- In Grand Theft Auto: San Andreas, CJ says a variation of this after killing friend-turned-crack-pusher Smoke.
- Inverted by World of Warcraft. When Illidan is killed, he uses his dying words to mock Maiev, who has wasted her entire being on hunting him, and now has nothing left to live for.
- In the Mists of Pandaria expansion, the player can overhear a conversation between two Paragons (great warriors of mantid history that had been put under stasis to be reawakened by the cultural caretakers of their society if their current monarch threatened to ruin them) discuss how one of them had been awakened for the second time since being originally placed under hibernation. The first empress he helped overthrow had been holding on to power by declaring the ritualistic centennial attack on their neighboring kingdom as a senseless waste of life. It turned out, however, she was only lying to preserve her power.
- Inverted/parodied in Diablo II, when the Necromancer defeats Radamant and his undead forces: "What a waste of undead flesh..."
- After killing The Sympathetic Dragon in Target Earth, the protagonist mutters "Another good man dead."
- While he never says it straight, Travis Touchdown eventually views all of his victories against later assassins as this, particularly the ones who weren't psychotic killing machines such as Alice Twilight and Margaret Moonlight.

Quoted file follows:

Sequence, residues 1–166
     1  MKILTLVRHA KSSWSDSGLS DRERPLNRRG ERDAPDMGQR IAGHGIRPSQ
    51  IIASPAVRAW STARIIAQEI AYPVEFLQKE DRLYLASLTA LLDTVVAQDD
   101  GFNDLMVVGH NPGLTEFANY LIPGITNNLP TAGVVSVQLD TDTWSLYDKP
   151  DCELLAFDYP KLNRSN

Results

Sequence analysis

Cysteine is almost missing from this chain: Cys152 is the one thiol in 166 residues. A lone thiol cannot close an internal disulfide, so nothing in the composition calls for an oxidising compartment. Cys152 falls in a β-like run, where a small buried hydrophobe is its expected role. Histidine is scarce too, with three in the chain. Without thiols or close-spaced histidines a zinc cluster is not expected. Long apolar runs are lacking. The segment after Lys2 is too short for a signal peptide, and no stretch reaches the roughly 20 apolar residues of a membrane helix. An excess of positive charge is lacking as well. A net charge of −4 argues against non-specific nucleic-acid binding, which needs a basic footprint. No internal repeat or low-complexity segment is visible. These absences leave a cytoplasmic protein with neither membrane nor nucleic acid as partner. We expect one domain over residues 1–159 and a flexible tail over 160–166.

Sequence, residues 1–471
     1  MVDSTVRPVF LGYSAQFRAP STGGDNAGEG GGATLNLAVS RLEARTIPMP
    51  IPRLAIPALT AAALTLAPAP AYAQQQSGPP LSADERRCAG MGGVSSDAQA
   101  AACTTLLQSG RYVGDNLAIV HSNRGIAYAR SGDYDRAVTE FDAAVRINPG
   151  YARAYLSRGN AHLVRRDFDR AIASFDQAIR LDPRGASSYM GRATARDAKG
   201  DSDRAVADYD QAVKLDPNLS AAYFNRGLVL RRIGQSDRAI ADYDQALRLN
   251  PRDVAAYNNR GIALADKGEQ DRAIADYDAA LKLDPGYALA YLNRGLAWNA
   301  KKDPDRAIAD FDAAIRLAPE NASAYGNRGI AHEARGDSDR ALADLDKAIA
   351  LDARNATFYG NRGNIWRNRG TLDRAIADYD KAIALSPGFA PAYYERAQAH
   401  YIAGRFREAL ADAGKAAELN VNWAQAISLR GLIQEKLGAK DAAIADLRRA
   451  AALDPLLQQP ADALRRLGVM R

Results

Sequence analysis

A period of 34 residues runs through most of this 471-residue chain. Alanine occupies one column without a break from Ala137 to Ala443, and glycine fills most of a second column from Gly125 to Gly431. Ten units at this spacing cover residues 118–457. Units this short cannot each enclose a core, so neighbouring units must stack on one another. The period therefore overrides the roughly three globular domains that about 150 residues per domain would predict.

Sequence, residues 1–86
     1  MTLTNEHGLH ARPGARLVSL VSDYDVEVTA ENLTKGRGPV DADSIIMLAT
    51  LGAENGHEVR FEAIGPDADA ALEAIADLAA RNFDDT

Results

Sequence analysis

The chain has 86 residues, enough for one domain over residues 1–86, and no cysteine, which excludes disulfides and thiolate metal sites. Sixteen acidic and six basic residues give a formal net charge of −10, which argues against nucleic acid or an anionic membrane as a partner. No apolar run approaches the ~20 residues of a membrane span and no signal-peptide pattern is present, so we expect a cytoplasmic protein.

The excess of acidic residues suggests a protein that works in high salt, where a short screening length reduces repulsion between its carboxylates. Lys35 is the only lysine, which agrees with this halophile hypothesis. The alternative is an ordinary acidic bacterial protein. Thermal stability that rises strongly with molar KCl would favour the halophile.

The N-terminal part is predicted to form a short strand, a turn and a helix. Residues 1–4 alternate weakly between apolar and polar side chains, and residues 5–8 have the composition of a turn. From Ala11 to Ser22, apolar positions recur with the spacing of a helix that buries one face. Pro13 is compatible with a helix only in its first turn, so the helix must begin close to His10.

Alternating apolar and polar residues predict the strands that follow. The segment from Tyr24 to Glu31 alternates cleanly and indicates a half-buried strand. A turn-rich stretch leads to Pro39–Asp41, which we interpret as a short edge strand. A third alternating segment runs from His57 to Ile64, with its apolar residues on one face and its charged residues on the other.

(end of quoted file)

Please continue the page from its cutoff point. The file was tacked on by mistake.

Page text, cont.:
Travis: Fuck that. I wanna be hero. By my own standards.
Sylvia: You need to wake up, Travis.
Travis: Take your own goddamn advice.
- Pops up in Star Wars Battlefront II, in the Imperial era of the campaign. The Death Star casualties, particularly the pilots who were rotated in in place of the 501st, are referred to by the narrator as "poor souls."
- The Pawn Shop Owner says this in King's Quest VI: Heir Today, Gone Tomorrow, unaware that Alex has faked his own death in front of Shamir.
- One of Aveline's bits of combat chatter in Dragon Age II is a sad "A waste of life, but not my choice."
- Dawn of War II Lord General Castor treads this.
Castor: I am not afraid to spend them, but I never waste men.
- Mass Effect 2 has Mordin's loyalty mission. Years before the start of the game, Mordin worked on updating the genophage affecting krogan birth rates. During the mission, you'll find the corpse of a krogan on what looks like a surgical table. Up until that point, Mordin insisted that his work was the correct thing to do for every party involved; at that moment, however...
- One of Commander Shepard's dialogue options presents a humorous subversion.
Mordin: Pointless. Pointless waste of life.
Shepard: Her, or the people who did this?
- In Left 4 Dead, Bill may occasionally choke out "Aw, Jesus, what a waste!" upon seeing Zoey's dead body.
- Subverted in The Simpsons. Troy McClure appears in a Red Asphalt-style traffic safety video, observing a car accident and uttering this line in a heavy tone of voice. Then he instantly brightens and goes into his usual introductory spiel.
- In ReBoot, Dot mourns the loss of Megabyte's army, because despite them being enemy soldiers, she's also aware that many of them were forcibly conscripted.